Let's talk ecology first. There are two aspects to consider in an eco-friendly burial; first the process itself shouldn't harm, pollute or tax earth's resources and second true eco-friendliness would allow the body itself to provide benefit to the earth as it biodegrades.

The touted benefits for cremation are that it takes up less land and eliminates the need for embalming. The entire purpose of embalming is to retard decomposition and prohibits the body's breakdown. Of note, according to Wikipedia, each year in the US we bury 827,060 gallons of embalming fluid!

The downsides for cremation are that the actual process of burning releases pollutants into the atmosphere, including mercury from fillings, and that it uses a tremendous amount of energy.

So the alternatives? There is a growing movement for true natural burials. Unlike traditional burials, the body is not embalmed, biodegradable caskets are used and the depth of burial is much more shallow. Biodegradable caskets can be anything from recycled paper, like the picture up top, to woven products like sea grass, willow or bamboo. Scattered in the US are cemeteries specializing in natural burial grounds. Often in these cemeteries there is the option for planting trees over the graveside and headstones are engraved natural stone that lies flush to the ground.

A similar process to cremation, without the same high energy use is Resomation. This developing format uses water and potassium hydroxide at high temperatures to dissolve the body. The end result is a white colored dust returned to the family and a green/brown liquid rich with peptides and amino acids that can be recycled into nature.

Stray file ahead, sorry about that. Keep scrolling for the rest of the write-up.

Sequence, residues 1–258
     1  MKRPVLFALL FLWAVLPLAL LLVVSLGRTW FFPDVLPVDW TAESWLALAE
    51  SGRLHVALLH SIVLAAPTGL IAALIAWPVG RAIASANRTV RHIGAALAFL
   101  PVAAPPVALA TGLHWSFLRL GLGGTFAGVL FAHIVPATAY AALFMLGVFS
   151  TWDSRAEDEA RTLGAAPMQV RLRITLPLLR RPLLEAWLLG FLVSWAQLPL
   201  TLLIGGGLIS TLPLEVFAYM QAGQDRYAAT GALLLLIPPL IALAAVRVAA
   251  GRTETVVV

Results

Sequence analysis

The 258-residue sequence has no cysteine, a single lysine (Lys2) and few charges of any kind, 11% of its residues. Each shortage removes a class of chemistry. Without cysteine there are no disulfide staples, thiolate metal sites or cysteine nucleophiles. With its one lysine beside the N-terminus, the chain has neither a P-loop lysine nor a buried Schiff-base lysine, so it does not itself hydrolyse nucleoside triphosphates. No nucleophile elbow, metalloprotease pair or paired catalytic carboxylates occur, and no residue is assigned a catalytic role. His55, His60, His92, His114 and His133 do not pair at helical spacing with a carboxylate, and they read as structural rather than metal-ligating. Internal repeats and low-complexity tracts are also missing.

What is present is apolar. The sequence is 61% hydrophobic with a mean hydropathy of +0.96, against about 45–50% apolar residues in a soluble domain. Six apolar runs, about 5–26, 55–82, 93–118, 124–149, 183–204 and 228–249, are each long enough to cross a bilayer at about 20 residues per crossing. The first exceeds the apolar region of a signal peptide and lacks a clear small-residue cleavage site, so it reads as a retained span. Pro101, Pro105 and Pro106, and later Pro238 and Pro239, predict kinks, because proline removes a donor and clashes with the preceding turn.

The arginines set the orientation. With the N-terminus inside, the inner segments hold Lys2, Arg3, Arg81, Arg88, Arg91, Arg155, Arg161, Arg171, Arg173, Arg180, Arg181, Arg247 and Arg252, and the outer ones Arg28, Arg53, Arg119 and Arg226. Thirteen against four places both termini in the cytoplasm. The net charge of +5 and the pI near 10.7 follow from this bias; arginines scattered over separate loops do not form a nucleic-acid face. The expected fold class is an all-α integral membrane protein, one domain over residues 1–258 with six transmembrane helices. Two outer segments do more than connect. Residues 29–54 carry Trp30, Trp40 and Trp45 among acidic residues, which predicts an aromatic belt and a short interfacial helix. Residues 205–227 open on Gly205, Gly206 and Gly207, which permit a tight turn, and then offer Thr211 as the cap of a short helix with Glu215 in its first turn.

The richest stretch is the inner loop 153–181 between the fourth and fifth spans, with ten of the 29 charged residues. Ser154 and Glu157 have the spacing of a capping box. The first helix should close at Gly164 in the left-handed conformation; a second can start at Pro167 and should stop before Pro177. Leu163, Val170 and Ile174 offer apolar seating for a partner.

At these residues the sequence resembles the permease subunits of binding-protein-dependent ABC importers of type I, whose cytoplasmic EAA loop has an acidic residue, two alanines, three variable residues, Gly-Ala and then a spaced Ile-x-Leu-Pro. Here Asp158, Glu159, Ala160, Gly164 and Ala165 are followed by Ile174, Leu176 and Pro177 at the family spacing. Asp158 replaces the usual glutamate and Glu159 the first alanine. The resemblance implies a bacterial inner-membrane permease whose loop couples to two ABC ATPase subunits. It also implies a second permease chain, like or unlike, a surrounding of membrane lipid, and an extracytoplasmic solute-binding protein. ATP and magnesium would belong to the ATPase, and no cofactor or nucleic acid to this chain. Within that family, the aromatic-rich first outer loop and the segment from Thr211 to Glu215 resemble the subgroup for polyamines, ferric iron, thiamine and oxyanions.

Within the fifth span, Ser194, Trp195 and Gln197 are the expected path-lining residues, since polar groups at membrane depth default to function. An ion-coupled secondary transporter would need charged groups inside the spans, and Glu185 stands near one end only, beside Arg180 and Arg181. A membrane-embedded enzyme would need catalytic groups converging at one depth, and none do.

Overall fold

There is yet another possibility on the horizon for the eco-friendly patron called Promession. With this process the body is frozen in liquid nitrogen, shattered with vibrations, and freeze dried to remove water. Next a magnetic field is introduced to remove anything metal. The remains are placed in a corn starch coffin and buried. The body is essentially compost in 6-12 months, much quicker than the natural burial process. Also, unlike cremation, in which only inert materials remain, promession allows for organic material that provides nutrients for living things.

My hunch is that these next decades will bring even more options for the eco-friendly consumer. For more exploration related to this topic check out this 11 min video on natural burial by Mark Harris, and this interesting article on NPR "To Casket or Not to Casket"

Monday, November 16, 2009 by Amy Clarkson · 4

Monday, November 9, 2009

Try Not To Breathe

Have you ever had that 'Aha Moment'? Have you ever been listening to a song you have heard a hundred times and suddenly it just made sense?

Listening to this podcast from Studio 360 gave me my own 'Aha Moment' as Monica Murphy describes her moment brought on by R.E.M.'s Try not to Breathe and Nightswimming on the Automatic For The People album. It's a very interesting commentary on grief and music and how the two influence each other. I myself have listened to this song many times and never gotten the potential palliative care connection until now.